Winners' Viewpoints: The Great 1927 Trans-Pacific Dole Race is available at the link. What was it like to fly from Oakland to Honolulu in a single-engine plane during August 1927? Was the 25,000 dollar prize worth it? Did the resulting fame balance the risk? For the first time ever, this book presents the pilot and navigator's stories written by them within days of their record-setting adventure. Pilot Art Goebel and navigator William V. Davis, Jr. take us with them on the Woolaroc, their orange and blue Travel Air monoplane (NX869) as they enter the hazardous world of Golden Age trans-oceanic air racing.


Clover Field: The First Century of Aviation in the Golden State. With the 100th anniversary in 2017 of the use of Clover Field as a place to land aircraft in Santa Monica, this book celebrates that use by exploring some of the people and aircraft that made the airport great.



Davis-Monthan Aviation Field Register
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Image Grouping ID: P-S


These 21 images document people and airplanes, military and civilian, who not only landed at the Airfield, but also contributed to the science and practice of aviation in peacetime and in war.

Below, Augie Pedlar and Mildred Doran visited Tucson on July 19, 1927. They landed at 9AM, stayed for two hours, probably for these photo ops, and departed west at 11AM. They would not visit Tucson again.

They were enroute from Flint, MI to San Francisco, CA as Dole Race participants. The departure date of the race was on August 16, 1927. The airplane is probably Buhl Airsedan NX2915, "Miss Doran", painted with red wings and nose, blue tail and white fuselage. Pedlar is 24; Doran 22. They are accompanied by a Navy Chief named Manley Lawing, who was slated to be Pedlar's navigator for the Dole competition.

Lawing, Doran & Pedlar, Tucson 8/16/1927
Lawing, Doran and Pedlar

Below, Lawing, Doran and Pedlar in front of "Miss Doran" of Flint, MI. You can see the name lettered behind Miss Doran's head.

Chief Manley Lawing, Mildred Doran & Augie Pedlar
Doran &  Pedlar

Below, data on the back of the image above.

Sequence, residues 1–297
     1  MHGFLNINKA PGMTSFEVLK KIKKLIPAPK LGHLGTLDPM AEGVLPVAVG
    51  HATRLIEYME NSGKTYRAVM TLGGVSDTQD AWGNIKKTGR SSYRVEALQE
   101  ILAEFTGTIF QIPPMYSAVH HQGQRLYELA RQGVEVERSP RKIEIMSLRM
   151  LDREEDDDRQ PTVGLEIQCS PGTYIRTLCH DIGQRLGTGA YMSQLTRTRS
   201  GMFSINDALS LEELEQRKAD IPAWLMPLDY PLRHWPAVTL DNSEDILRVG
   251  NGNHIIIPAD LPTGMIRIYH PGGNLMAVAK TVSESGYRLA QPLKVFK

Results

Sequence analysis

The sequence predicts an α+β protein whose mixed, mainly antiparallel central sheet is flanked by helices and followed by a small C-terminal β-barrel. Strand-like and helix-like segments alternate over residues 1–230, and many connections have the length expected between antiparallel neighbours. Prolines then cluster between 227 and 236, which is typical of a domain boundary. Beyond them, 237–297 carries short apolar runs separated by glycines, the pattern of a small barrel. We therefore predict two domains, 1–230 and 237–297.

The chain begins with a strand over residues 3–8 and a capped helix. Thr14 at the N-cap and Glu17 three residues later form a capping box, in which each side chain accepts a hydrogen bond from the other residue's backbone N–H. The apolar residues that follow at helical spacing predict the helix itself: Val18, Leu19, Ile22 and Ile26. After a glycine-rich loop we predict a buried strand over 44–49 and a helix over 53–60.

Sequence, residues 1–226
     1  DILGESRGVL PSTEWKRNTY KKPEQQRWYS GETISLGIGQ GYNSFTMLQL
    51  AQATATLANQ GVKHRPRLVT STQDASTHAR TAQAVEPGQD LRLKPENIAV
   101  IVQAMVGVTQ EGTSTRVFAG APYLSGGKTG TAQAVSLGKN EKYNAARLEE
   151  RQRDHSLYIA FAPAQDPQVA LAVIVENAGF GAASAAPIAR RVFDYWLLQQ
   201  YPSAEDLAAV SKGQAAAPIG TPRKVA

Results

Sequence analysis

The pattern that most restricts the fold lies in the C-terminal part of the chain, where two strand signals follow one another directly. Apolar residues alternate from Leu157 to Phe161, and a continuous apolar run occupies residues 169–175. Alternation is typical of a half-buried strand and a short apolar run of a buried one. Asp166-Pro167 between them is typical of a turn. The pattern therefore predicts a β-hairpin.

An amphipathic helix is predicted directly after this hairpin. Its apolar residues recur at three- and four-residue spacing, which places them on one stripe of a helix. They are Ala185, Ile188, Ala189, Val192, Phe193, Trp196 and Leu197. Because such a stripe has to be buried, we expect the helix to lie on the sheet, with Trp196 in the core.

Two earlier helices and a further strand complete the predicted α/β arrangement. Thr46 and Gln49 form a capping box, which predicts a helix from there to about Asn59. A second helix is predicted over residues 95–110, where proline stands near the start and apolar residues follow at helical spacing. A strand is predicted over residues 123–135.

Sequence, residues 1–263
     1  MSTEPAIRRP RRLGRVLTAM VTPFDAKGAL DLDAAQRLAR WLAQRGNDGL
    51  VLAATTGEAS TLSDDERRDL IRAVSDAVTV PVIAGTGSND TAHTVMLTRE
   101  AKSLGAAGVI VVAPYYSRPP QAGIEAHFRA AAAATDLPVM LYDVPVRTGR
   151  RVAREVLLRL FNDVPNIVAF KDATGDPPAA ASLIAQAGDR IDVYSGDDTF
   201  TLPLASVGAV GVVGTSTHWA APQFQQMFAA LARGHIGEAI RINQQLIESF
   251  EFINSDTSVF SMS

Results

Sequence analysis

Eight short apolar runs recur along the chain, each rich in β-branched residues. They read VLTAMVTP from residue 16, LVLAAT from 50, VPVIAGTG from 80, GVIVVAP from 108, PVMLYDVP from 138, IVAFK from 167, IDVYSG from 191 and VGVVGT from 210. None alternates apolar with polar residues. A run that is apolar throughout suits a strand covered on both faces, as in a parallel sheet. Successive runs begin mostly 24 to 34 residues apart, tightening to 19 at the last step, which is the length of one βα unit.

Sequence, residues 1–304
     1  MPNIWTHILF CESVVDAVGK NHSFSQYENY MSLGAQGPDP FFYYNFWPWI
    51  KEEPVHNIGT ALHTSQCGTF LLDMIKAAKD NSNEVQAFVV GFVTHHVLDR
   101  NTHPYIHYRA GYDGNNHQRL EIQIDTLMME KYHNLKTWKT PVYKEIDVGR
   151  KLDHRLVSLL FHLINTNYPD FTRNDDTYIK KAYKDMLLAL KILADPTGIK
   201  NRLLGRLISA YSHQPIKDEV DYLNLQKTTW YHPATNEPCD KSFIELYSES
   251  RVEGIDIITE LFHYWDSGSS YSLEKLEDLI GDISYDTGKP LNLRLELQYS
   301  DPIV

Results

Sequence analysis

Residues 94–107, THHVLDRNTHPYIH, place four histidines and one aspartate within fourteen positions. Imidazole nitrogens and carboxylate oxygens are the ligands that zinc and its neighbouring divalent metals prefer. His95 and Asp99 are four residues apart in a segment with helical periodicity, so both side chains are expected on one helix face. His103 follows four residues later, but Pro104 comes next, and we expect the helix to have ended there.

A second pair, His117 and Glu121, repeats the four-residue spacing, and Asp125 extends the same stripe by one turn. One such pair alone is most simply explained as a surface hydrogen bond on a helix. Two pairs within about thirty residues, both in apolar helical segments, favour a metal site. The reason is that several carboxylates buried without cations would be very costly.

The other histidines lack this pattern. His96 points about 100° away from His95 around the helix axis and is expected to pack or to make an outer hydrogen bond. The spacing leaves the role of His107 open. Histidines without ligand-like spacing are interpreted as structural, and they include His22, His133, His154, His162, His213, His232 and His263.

Lawing, Mildred Doran and Augie Pedlar Data
Doran & Pedlar

Lawing was disqualified as navigator by race officials and a substitute was made by the name of Lt. Vilas Knope from North Island, San Diego. Doran went along as passenger on race day. As the data on the back of the first image, above, states, Pedlar, the navigator and Doran were lost during the Dole Race. No traces of them or their Buhl were ever found. Details of Pedlar and Doran's Dole Race activities, as well as all the other competitors, can be found in the Forden reference in the left sidebar.


Wiley Post and Harold Gatty (below) landed at Tucson on February 17, 1931, about four months before their around-the-world flight. Although their airplane wasn't identified, it was probably the "Winnie Mae".

Wiley Post & Harold Gatty
Wiley Post & Harold Gatty


Below, William Pryce, C.B. Cosgrove, Jr., James B. Carroll and Ralph Baez.

William Pryce, although not a signer of the Register, was a friend of Cosgrove and his wife. Pryce later flew the Pacific Clippers, and became senior pilot at Pan American later in his career. James B. Carroll signed the Register three times as a military pilot during 1928, 29 and 31. He was a lieutenant at the time, later being promoted to captain. Ralph Baez signed the Register at least once in 1931 as a Captain (there was another, earlier signature by a Lt. "Baez" with no initial. It was probably Ralph Baez). I do not know why Pryce, Carroll and Baez accompanied the Cosgroves to Honolulu, unless it was part of their air line or military duties.